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Cases of pancreatic and colorectal cancer have grown by 10% in 30 years


Diagnoses of pancreatic and colorectal cancer have grown by about 10% in the last 30 years, according to a study presented at the European Congress of Gastroenterolog

  • Health: Colon cancer: how to get ahead of the disease

Diagnoses of pancreatic and colorectal cancer have grown by around 10% in the last 30 years, according to a study presented at the European Congress of Gastroenterology (United European Gastroenterology-UEG Week), held in Barcelona until the next day 23 .

The research, which has analyzed the cases of people with these types of cancer from 195 countries between 1990 and 2017, is the first study that provides a worldwide estimate of the burden, epidemiological characteristics and risk factors of diseases such as cancer of pancreas, colorectal and gastric.

Regarding pancreatic cancer, researchers stress the number of deaths caused by this disease has increased 130% between the years studied, from 196,000 in 1990 to 448,000 in 2017.

Despite this alarming figure, the researchers point out that this growth is also explained by population growth and life expectancy, and they point out that the standardized incidence by age and mortality rates from pancreatic cancer have grown by 12% and 10%, respectively.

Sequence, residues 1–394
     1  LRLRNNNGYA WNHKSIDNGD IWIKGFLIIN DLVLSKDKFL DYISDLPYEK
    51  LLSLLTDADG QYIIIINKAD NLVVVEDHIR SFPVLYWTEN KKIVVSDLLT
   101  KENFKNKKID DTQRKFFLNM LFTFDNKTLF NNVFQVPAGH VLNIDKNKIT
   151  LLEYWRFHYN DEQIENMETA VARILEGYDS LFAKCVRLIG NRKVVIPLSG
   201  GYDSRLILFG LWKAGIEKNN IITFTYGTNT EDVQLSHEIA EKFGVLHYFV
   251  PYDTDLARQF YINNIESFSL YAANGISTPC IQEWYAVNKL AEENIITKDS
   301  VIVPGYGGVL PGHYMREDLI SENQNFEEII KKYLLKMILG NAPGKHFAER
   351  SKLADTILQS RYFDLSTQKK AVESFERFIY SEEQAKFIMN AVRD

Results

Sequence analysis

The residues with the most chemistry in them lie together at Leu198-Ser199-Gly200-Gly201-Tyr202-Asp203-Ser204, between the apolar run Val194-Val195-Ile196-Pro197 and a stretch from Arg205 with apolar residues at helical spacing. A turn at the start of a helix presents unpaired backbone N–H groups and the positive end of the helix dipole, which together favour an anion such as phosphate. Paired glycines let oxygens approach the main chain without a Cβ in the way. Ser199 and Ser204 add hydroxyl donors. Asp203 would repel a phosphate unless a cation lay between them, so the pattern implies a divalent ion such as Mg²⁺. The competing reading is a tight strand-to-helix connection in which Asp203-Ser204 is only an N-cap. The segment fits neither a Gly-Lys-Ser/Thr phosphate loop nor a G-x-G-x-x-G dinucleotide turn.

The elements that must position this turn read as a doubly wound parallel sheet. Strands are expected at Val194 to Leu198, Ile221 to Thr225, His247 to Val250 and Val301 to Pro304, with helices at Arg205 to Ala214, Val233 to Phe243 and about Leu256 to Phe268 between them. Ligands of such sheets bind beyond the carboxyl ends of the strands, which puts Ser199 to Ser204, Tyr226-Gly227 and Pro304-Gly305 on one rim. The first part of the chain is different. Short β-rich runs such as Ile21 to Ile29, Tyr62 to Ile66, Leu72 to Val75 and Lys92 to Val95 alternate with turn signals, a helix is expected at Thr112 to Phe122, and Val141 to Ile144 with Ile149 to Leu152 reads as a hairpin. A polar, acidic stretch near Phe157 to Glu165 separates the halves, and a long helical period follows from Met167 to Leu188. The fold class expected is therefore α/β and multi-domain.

Experts agree that this increase is related to the growth of obesity and diabetes, which manifest as risk actors in the Body Mass Index (BMI) and high blood glucose levels, at the same time risk actors for pancreatic cancer.

The lead author of the study and professor of Medicine and director of the Institute of Digestive Diseases at the University of Medical Sciences of Tehran (Iran), Reza Malekzadeh, commented that "pancreatic cancer is one of the deadliest in the world with a rate of survival of only 5% in high, middle and low income countries. "

"The risk factors for the disease, such as smoking, diabetes and obesity, are widely modifiable and present a great opportunity to prevent this cancer," added the specialist.

The study also notes that colorectal cancer has increased by 9.5%, but standardized mortality rates have fallen by 13.5% thanks to the introduction of cancer screening programs that have facilitated its early detection and the chances of Survive him.

The study has also detected that the risk factors for this disease are different in men and women. In the case of men, the consumption of alcohol, smoking and diets low in calcium and fiber are indicated as risk factors, and in the case of women, only dietary aspects.

In gastric cancer , standardized age and death rates have steadily declined since 1990, however, experts believe that this decrease has not necessarily led to a lower burden on the health system in high-risk countries and They indicate that specific local strategies must adapt to the profile of risk factors in each country.

"Beyond the current decrease in incidence and mortality rates, a decrease in the absolute number of cases and deaths will be possible if the burden in East Asia, where there are currently almost half of the cases and deaths, is reduces even more, "added Malekzadeh.

The UEG-Week Barcelona 2019 congress involves about 14,000 specialists, from 120 countries, and is held until the next day 23 at the Fira Gran Vía.

According to the criteria of The Trust Project

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